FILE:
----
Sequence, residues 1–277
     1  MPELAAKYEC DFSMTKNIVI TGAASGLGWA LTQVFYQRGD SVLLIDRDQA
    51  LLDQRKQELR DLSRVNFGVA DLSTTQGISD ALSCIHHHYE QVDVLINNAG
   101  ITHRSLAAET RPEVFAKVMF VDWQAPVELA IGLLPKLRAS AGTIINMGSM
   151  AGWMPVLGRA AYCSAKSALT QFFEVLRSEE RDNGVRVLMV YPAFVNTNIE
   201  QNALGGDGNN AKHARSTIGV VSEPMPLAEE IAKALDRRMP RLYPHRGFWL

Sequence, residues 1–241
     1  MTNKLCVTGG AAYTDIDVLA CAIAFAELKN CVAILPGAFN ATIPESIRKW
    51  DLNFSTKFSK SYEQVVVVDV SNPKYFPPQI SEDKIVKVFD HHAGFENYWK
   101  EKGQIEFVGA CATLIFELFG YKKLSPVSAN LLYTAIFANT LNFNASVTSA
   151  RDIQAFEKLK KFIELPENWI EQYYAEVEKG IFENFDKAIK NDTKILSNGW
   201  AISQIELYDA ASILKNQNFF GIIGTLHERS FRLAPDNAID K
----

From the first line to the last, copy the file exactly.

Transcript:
Sequence, residues 1–277
     1  MPELAAKYEC DFSMTKNIVI TGAASGLGWA LTQVFYQRGD SVLLIDRDQA
    51  LLDQRKQELR DLSRVNFGVA DLSTTQGISD ALSCIHHHYE QVDVLINNAG
   101  ITHRSLAAET RPEVFAKVMF VDWQAPVELA IGLLPKLRAS AGTIINMGSM
   151  AGWMPVLGRA AYCSAKSALT QFFEVLRSEE RDNGVRVLMV YPAFVNTNIE
   201  QNALGGDGNN AKHARSTIGV VSEPMPLAEE IAKALDRRMP RLYPHRGFWL

Sequence, residues 1–241
     1  MTNKLCVTGG AAYTDIDVLA CAIAFAELKN CVAILPGAFN ATIPESIRKW
    51  DLNFSTKFSK SYEQVVVVDV SNPKYFPPQI SEDKIVKVFD HHAGFENYWK
   101  EKGQIEFVGA CATLIFELFG YKKLSPVSAN LLYTAIFANT LNFNASVTSA
   151  RDIQAFEKLK KFIELPENWI EQYYAEVEKG IFENFDKAIK NDTKILSNGW
   201  AISQIELYDA ASILKNQNFF GIIGTLHERS FRLAPDNAID K